Greatest poet of his generation? Ben Mazer in Romania last month. Photo, Scarriet


The greatest joy known to mortal man,
shall live beyond us, in eternity.
Catching you ice skating in mid-motion,
cheeks flush, winter pristine in our hearts,
ineffable, permanent, nothing can abolish,
when the deep forest, buried in snow’s white
holds the soul’s eternal solitude,
when, melting coming in, each particular
that stirs the senses, is the flight of man
to unspoken urgencies, garrulous desire
continually fulfilled, the captured stances
that drift like music in the light-laced night,
shared words in murmurs soft as downy sky,
the stars observe with their immortal eye.
Furious, presto-forte homecoming
races into the eyes and fingertips,
confirming and commemorating bells
resounding with our vulnerable desire
in momentary triumph that’s eternal.
Life passes on to life the raging stars,
resonances of undying light.
All years are pressed together in their light.

Ben Mazer was educated at Harvard University, where he studied with Seamus Heaney, and at the Editorial Institute, Boston University, where he studied under Christopher Ricks and Archie Burnett. His poem which appears here is from his sixth poetry collection, February Poems, which will be published by the Grolier Poetry Press in the fall of this year. Mazer’s most recent collections are The Glass Piano (MadHat Press, 2015) and December Poems (Pen & Anvil Press, 2016). He is also the editor of The Collected Poems of John Crowe Ransom (Boston: Un-Gyve Press, 2015). He lives in Cambridge, Massachusetts, and is the Editor of The Battersea Review.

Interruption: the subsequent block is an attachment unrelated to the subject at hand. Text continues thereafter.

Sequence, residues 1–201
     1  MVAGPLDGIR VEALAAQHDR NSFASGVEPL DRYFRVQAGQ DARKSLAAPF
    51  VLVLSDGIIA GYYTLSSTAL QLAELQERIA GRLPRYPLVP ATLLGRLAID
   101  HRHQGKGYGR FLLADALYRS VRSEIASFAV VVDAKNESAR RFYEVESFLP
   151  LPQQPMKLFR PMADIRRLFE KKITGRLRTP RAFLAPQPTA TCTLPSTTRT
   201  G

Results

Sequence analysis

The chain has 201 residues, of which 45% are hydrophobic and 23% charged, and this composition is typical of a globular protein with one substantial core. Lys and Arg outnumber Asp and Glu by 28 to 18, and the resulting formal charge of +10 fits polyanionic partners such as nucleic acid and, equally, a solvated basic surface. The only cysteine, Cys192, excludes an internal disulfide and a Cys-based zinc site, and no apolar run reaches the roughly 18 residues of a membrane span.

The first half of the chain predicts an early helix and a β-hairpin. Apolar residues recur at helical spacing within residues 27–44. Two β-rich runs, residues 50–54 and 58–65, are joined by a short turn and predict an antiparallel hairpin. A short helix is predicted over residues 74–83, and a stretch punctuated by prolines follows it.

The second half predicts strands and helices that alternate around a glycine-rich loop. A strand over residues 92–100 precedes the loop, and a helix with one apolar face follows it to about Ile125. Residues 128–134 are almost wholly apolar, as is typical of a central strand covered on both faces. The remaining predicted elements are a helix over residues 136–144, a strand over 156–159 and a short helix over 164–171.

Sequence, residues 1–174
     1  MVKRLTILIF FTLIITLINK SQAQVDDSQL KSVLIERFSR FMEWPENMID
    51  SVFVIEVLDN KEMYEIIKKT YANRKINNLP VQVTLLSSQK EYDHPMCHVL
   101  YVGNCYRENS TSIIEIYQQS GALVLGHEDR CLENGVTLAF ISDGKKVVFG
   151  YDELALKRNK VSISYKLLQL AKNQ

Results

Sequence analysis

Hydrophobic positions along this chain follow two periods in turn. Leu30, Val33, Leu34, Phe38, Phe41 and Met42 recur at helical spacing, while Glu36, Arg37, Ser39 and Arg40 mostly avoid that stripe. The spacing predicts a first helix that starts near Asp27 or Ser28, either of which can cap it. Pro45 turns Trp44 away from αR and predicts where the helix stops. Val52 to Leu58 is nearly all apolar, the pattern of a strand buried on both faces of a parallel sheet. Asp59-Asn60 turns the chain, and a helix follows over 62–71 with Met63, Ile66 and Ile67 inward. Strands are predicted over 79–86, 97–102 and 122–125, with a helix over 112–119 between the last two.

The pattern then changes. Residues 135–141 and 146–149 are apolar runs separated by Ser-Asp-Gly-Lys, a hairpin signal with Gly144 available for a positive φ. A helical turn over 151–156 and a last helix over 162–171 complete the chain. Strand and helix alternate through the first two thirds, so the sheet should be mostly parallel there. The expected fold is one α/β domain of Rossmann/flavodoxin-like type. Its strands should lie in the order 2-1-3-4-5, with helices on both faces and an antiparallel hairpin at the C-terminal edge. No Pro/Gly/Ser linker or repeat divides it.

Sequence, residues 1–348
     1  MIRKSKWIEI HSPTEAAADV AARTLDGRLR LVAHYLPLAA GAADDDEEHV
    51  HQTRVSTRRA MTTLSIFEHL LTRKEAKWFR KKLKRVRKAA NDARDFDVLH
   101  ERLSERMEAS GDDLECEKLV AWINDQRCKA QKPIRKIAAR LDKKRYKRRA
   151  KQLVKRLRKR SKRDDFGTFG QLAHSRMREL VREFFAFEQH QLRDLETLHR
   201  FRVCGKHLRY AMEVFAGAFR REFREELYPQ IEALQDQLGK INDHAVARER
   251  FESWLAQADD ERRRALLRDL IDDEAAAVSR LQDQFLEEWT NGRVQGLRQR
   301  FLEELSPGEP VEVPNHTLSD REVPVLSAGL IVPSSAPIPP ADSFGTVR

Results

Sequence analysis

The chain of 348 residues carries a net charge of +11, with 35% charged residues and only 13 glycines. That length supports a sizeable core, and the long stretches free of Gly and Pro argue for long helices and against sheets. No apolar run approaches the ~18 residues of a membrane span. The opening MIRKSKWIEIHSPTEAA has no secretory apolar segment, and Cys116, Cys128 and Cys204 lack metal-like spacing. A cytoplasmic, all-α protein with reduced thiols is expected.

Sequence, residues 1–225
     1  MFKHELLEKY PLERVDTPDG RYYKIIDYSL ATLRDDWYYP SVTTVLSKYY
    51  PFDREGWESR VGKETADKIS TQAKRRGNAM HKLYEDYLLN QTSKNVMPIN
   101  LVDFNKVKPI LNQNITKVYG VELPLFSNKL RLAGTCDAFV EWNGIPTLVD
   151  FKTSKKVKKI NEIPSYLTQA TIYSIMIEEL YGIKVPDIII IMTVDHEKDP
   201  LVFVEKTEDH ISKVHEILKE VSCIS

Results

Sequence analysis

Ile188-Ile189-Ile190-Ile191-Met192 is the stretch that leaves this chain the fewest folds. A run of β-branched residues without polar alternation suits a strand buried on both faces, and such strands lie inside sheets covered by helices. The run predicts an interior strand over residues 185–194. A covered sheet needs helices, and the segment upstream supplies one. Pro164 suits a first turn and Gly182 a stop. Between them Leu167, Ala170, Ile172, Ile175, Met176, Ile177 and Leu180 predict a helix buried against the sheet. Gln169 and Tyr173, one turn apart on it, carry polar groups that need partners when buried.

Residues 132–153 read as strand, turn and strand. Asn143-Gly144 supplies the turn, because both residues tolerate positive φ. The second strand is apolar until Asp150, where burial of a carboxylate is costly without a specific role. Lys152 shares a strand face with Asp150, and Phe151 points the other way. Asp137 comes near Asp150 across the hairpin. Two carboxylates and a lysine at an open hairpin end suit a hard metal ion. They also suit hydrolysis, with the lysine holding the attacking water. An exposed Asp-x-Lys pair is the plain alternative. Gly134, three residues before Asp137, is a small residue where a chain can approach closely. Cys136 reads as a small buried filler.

1. Mr. Woo said,

    July 18, 2016 at 12:41 pm

    Beautiful, masterful. Those last three lines…Woof.

    I particularly love how lines 3 and 4 snowflake down through the rest of the poem.

  2. powersjq said,

    July 19, 2016 at 2:45 pm

    I agree with Woo: the last three lines are brave and stirring. I also enjoy the many deft touches of Mazer’s craft in this poem:
    * Tattoo of juxtapositions.
    * Structure (as indicated by periods): opening declaration, 12-line rush that introduces and develops the poem’s principal conceits (winter, music, stars), climax, and resolution.
    * Heartbreaking elegance of “light-laced night”.
    * Gracious nod to Thomas with “raging stars, / resonances of undying light”.
    * The sheer goddamned ambition of the piece.

    Mazer has indicated (in the interview at the end of _The Glass Piano_) that he favors writing poems in one go, editing lightly, then moving on to the next thing. I have an intuition that this poem may have suffered because of this process. I submit that the poem has some serious, but fixable, flaws. For example: